DairyGEM is similar to IFSM, but it is a more simplified version specific to dairy production.
“In DairyGEM, there are a few more emission factors that we’re not simulating all the processes in as much detail as with IFSM. DairyGEM really is just the animal- and the manure-handling components of IFSM," says Rotz.
Those components were pulled out of IFSM and into their own user interface through DairyGEM.
He says it has made DairyGEM a more user-oriented tool that is easier to operate compared to IFSM.
The emissions calculations have also been simplified, and it offers more graphical output.
“We pretty much designed it so that it would be more usable to a broader audience, including producers,” he relates.
Emissions on the front burner
Rotz thinks it would be beneficial for producers to utilize IFSM because of all the information that can be obtained, but the amount of time spent inputting data is a setback.
“From that standpoint, there are not that many producers who are using it. If producers took the time to really program their operation and run it, they’d learn a lot about what is impacting their farm performances as well as the economics of the farm and the environmental impact,” says Rotz.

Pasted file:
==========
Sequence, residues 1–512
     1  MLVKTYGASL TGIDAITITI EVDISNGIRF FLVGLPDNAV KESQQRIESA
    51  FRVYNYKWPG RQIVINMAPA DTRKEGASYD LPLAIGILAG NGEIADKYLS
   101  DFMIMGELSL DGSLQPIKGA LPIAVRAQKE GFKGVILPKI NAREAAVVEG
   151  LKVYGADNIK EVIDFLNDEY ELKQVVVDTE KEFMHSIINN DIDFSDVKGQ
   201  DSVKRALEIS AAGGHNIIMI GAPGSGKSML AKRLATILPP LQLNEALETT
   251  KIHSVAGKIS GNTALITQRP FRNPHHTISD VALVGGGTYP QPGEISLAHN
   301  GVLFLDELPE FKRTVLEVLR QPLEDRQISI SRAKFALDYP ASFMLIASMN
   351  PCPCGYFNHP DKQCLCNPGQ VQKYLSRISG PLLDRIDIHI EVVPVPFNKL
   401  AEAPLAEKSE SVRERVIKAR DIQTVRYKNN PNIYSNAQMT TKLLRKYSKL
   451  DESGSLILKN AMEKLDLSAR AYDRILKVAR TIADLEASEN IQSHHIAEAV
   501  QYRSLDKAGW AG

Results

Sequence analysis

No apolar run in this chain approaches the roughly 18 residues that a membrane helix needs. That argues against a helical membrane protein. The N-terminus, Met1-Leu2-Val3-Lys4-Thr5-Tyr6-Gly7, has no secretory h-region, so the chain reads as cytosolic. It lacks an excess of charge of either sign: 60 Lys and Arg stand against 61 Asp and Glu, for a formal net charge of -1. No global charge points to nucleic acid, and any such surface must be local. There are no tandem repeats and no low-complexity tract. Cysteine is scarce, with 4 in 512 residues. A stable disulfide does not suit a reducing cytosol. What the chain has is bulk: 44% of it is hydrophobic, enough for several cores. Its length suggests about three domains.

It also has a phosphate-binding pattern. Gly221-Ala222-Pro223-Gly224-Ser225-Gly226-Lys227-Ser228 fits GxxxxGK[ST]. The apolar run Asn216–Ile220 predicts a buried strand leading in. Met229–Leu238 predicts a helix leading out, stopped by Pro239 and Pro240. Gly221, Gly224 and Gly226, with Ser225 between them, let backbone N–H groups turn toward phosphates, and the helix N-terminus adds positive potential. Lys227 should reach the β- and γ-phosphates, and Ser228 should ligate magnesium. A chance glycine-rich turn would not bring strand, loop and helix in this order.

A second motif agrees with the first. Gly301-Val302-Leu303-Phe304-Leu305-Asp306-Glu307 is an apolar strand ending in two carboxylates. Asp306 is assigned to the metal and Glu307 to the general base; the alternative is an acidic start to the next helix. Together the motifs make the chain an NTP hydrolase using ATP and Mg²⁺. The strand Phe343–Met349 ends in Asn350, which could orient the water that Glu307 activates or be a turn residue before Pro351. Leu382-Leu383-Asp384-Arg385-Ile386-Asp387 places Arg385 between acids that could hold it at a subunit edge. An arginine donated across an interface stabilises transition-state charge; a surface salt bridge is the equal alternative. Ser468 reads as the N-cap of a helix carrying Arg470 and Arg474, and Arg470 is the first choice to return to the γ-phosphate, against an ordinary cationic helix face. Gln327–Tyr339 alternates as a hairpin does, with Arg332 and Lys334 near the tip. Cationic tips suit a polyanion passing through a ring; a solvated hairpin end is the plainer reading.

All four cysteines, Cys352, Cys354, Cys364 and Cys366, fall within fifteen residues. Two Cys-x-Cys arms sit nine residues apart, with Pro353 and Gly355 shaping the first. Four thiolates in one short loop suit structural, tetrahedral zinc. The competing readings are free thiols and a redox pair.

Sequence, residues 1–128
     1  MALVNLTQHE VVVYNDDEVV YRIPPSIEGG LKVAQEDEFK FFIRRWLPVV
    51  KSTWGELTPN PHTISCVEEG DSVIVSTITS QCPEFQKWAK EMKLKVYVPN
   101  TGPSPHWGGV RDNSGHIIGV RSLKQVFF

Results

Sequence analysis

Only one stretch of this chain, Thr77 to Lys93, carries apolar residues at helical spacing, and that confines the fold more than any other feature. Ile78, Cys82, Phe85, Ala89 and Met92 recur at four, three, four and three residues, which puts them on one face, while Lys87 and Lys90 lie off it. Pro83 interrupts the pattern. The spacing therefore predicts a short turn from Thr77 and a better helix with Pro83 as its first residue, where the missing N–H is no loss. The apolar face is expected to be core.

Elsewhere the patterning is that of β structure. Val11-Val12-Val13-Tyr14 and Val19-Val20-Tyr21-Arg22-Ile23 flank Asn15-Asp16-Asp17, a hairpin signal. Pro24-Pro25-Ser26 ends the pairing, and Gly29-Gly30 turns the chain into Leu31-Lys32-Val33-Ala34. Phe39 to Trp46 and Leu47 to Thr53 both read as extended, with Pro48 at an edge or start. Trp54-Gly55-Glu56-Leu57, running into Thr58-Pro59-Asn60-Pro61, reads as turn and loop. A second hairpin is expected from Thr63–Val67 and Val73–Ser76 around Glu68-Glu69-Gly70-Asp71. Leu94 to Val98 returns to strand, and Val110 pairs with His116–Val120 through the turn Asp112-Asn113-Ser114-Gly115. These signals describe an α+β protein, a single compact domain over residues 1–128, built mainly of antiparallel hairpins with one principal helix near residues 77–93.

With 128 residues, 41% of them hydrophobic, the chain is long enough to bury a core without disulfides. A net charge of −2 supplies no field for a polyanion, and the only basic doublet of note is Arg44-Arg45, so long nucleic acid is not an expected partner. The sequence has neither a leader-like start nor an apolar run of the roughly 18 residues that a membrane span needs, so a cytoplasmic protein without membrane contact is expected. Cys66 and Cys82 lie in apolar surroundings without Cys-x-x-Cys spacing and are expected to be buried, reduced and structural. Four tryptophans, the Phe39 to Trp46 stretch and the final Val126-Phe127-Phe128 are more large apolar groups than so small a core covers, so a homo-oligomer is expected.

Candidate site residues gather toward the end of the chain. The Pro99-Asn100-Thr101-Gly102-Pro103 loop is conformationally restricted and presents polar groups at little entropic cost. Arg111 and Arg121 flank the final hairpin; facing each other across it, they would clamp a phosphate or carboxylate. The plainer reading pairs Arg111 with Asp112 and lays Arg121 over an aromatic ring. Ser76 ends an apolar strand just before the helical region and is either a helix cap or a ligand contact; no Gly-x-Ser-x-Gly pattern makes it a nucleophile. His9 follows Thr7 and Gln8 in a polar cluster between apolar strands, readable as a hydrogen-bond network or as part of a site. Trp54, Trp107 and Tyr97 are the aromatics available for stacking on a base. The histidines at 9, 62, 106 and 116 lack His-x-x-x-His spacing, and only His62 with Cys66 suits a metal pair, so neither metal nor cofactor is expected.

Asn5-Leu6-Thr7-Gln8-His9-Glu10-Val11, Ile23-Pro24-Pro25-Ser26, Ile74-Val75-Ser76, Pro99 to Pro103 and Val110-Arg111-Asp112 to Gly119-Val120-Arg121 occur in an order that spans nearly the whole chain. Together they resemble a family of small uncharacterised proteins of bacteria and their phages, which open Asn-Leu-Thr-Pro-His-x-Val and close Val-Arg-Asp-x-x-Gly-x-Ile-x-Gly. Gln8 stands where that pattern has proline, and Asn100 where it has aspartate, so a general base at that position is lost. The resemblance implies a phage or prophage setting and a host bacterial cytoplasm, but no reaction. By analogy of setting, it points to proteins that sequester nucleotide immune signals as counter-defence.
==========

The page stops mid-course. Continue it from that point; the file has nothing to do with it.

Right now, both IFSM and DairyGEM are not being widely used. In fact, they are primarily being used at the university level for research studies related to environmental issues.
While IFSM requires a large time investment, DairyGEM provides the more concise version to help reduce that investment.
“I think it’s pretty understandable. Producers are very busy people. Unless something has a direct benefit to them, it’s just one of those things that go on the back burner. It might be nice, but who has the time to do it? I think that’s kind of where it is on the environmental issue. I think there are a lot of producers who are environmentally conscious; they want to do the right thing, and they’re really trying to do their best. But they’re so busy with everything that it’s not something that is necessarily on the front burner,” says Rotz.
Yet, with continued pressure from an environmentally concerned consumer base, the time for looking at these types of models is approaching.
“Farmers have the tools to make really good long-term decisions for how to structure their farm for the future,” relates Young.